The absence of bonding, with God and community fosters a certain somnolence, a sense of “sleepwalking” through the day and throughout one’s work. So many people lack a sense of purpose in their work. This can become grounds for frustration and anger, which only fuels social tensions that we have often seen explode in various street clashes, not to mention the wars of words and insults in social media that fuel such outbursts.

I must confess that I have not escaped some of these feelings myself in years past and I can say, quite honestly, that they seemed in direct proportion to the media I consumed. I rarely watch TV today, getting most of my information online, having found television to be extremely repetitive, with much programming devised to incite the passions and unproductive emotional responses from the viewer. Although we joke sometimes about “couch potatoes,” it is not by chance that we find a link between screen time and obesity, rooted in the need to comfort oneself with food in much the same way that a pacifier would be used on a restless toddler.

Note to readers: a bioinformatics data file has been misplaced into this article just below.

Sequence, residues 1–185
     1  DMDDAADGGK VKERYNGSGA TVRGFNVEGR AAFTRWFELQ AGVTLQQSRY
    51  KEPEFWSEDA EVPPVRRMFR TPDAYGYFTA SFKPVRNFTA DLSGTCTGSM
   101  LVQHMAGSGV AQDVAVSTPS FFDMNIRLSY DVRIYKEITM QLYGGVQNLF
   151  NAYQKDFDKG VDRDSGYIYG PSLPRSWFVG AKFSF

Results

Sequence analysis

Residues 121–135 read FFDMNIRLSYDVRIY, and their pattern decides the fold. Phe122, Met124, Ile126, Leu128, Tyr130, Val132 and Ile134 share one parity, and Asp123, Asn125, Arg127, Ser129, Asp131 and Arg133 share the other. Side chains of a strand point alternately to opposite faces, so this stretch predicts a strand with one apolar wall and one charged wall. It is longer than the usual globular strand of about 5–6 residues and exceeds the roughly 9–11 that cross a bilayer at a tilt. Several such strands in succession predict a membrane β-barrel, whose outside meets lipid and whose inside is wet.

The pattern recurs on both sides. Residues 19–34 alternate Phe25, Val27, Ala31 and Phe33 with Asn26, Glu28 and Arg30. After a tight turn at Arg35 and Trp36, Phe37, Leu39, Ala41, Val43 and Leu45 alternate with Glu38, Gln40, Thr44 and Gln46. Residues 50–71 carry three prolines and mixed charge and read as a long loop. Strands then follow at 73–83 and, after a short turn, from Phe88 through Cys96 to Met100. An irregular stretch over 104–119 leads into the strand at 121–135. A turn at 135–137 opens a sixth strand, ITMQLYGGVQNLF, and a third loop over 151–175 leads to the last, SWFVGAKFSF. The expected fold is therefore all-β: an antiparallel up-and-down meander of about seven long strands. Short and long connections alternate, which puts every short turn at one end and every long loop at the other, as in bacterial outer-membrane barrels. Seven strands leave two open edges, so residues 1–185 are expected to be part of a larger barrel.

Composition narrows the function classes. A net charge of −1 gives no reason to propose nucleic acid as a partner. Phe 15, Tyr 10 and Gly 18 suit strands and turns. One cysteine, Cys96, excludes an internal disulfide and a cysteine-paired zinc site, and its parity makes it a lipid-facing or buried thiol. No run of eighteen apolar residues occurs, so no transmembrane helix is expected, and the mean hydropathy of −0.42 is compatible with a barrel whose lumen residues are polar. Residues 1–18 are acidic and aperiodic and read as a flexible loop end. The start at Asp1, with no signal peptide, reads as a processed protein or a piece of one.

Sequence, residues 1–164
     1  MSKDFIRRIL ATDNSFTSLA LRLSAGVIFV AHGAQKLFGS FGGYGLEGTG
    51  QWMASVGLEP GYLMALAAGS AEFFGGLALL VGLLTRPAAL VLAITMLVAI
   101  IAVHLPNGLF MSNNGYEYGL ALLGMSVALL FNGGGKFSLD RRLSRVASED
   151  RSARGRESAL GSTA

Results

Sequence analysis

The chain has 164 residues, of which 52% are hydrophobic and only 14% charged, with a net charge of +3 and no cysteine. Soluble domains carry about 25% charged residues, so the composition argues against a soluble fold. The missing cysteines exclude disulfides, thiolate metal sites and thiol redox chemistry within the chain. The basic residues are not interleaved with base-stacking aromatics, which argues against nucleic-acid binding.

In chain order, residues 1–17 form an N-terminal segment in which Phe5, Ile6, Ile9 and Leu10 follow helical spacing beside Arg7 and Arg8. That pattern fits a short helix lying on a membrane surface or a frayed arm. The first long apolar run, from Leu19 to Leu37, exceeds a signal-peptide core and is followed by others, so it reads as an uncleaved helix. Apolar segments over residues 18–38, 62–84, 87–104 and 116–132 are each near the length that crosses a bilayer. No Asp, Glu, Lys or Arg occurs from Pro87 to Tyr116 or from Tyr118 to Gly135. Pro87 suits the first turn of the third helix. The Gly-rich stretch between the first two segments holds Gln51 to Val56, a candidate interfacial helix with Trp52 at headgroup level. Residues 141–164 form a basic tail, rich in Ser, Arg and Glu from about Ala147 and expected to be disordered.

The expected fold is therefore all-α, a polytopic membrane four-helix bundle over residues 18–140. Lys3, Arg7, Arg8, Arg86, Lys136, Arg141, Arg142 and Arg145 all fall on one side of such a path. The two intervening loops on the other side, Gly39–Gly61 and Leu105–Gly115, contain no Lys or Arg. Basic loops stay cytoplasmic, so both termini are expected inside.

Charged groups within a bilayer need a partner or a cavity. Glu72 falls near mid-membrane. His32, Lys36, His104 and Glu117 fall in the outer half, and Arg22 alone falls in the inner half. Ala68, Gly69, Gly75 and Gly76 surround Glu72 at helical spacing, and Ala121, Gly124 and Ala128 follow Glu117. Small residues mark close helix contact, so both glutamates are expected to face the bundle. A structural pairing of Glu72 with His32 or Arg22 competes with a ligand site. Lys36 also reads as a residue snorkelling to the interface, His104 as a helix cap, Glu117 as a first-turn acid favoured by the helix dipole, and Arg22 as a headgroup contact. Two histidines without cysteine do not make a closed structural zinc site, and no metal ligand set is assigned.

Would it surprise you were I also to confess that I have suggested as a penance to those confessing angers like “screen rage” – those “bad thoughts” often targeted at specific public figures in the news – that they refrain from TV or, at least, the “news” channels – for any number of days going forward. Not a few have returned to say that this exercise actually made them feel better. I put “news” in quotes because all too often it is not so new from day to day. The “week in review” format can be enough to catch up on all the bad that’s happening.